This paper models knowledge creation and diffusion as processes involving many agents located on a network. Knowledge diffusion takes place when an agent broadcasts his knowledge to the agents to whom he is directly connected. Knowledge creation arises when agents receive new knowledge which is combined with their existing knowledge stocks. Thus both creation and diffusion are network-dependent activities. This paper examines the relationship between network architecture and aggregate knowledge levels. We find that knowledge growth is fastest in a “small world”, that is, when the underlying network structure is relatively cliquish (dense at a local level) yet has short paths. This corresponds to a locally-connected graph which includes a few long-distance connections or shortcuts.keywordstacit knowledgeabsorptive capacityknowledge creationknowledge levelsmall worldthese keywords were added by machine and not by the authors. This process is experimental and the keywords may be updated as the learning algorithm improves.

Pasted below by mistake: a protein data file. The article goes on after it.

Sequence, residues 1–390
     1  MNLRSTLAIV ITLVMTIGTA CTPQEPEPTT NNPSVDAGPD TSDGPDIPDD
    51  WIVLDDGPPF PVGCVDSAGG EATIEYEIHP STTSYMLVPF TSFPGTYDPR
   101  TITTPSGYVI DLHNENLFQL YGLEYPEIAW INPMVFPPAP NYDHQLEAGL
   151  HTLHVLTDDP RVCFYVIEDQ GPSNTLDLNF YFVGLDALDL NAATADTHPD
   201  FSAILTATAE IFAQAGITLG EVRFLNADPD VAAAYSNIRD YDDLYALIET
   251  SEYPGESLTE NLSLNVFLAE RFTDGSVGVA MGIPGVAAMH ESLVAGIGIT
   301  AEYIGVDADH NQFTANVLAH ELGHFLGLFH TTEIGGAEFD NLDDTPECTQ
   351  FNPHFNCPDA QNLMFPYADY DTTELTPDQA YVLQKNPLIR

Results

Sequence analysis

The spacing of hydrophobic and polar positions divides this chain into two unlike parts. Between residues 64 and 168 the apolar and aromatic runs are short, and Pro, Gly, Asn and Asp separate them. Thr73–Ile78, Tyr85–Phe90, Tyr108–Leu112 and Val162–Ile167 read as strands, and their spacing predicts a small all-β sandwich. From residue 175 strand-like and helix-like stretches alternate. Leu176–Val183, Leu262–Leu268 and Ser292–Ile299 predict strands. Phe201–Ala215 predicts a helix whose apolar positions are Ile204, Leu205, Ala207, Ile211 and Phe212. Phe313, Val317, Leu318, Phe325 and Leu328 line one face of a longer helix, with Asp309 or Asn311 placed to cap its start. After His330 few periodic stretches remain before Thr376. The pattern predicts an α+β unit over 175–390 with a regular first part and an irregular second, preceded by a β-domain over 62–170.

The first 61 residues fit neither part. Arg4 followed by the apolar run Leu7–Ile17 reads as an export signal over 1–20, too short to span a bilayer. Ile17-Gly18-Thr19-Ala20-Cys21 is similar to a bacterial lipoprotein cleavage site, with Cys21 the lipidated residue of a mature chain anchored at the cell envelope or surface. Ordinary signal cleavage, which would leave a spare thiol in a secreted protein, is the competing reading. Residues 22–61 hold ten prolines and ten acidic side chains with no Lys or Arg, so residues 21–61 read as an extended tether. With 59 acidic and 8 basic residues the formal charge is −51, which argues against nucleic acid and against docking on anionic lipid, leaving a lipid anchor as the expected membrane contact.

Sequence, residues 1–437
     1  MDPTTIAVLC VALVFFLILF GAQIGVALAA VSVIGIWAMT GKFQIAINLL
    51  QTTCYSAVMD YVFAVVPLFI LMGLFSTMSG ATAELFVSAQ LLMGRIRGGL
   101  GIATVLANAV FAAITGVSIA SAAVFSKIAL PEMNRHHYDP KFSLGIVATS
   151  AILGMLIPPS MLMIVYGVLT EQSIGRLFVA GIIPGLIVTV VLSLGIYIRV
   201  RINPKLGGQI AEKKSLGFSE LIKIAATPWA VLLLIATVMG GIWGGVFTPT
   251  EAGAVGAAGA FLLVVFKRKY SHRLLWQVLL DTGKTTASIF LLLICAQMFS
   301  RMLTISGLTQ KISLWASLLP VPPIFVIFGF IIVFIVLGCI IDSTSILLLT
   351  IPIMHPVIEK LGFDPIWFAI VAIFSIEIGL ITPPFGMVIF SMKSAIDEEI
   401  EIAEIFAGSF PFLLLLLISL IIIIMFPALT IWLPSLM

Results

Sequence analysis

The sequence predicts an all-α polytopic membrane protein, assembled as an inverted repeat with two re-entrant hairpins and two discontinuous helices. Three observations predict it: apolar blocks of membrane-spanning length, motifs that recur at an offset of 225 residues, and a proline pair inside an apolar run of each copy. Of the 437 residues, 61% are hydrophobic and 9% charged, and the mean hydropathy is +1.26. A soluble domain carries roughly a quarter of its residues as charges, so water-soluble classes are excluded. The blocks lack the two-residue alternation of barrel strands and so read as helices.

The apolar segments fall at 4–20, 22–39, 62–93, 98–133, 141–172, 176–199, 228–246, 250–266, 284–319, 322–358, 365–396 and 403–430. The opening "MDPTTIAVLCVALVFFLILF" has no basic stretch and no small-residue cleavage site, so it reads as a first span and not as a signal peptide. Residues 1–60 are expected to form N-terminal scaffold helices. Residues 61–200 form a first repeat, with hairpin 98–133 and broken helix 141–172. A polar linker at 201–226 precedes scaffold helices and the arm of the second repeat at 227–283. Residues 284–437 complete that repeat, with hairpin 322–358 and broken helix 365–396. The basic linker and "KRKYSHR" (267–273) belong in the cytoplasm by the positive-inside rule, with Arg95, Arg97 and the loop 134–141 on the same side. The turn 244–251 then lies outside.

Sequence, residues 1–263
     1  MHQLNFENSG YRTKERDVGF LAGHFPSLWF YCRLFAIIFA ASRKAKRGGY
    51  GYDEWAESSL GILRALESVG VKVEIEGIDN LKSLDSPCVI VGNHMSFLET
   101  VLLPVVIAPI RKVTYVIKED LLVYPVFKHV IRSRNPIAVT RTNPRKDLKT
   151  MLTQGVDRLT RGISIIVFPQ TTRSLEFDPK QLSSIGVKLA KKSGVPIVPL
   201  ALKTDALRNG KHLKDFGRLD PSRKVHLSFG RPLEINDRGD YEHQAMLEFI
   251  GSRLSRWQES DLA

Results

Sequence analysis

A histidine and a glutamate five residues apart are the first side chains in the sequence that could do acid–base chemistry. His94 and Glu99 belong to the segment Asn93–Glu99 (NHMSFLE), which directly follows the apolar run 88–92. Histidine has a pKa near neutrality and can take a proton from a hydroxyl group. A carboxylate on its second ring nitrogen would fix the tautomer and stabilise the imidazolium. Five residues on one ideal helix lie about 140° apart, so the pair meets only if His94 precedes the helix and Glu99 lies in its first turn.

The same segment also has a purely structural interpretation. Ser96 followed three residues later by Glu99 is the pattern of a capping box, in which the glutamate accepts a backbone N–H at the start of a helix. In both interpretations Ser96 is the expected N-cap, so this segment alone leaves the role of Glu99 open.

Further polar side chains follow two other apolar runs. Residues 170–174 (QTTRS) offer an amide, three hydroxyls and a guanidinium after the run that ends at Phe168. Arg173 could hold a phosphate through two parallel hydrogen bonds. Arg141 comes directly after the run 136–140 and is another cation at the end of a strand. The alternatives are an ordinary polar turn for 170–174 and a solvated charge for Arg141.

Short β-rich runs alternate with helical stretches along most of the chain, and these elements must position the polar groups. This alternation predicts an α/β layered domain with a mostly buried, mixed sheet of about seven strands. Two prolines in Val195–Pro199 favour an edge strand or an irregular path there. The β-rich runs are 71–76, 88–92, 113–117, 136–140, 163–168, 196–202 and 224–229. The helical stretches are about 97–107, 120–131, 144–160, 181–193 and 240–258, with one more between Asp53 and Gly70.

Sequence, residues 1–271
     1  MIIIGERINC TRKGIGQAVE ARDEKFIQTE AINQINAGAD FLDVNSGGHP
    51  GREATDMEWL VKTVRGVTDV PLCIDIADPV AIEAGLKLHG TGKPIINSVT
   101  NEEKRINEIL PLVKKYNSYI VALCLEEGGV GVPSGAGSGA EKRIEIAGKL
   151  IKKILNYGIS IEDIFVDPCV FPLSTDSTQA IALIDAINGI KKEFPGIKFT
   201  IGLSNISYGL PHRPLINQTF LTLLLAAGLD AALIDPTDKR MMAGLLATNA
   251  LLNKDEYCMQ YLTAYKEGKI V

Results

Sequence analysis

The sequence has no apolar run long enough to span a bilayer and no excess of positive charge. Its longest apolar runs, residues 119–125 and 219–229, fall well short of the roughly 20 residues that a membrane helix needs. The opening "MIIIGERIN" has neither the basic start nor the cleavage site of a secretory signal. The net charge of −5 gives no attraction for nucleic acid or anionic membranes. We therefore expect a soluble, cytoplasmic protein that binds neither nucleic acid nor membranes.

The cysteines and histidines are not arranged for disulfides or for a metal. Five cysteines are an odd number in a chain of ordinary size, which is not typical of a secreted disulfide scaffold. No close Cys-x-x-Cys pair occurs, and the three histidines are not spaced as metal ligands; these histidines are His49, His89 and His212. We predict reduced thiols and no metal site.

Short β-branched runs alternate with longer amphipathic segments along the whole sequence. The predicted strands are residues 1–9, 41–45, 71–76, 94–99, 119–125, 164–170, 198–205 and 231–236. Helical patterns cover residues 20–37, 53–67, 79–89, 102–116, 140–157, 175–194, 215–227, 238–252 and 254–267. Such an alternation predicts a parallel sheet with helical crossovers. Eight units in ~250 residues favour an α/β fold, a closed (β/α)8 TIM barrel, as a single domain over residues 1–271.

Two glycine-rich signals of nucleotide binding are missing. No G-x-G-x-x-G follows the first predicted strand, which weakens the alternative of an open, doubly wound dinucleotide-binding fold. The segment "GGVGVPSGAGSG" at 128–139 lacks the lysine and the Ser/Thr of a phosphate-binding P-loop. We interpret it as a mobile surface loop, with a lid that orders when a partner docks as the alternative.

|Title of host publication||Economies with Heterogeneous Interacting Agents|
|Editors||A Kirman, J-B Zimmermann|
|Place of Publication||Dordrecht/Boston/London|
|Publisher||Kluwer Academic Publishers|
|Publication status||Published - 1 Jan 2001|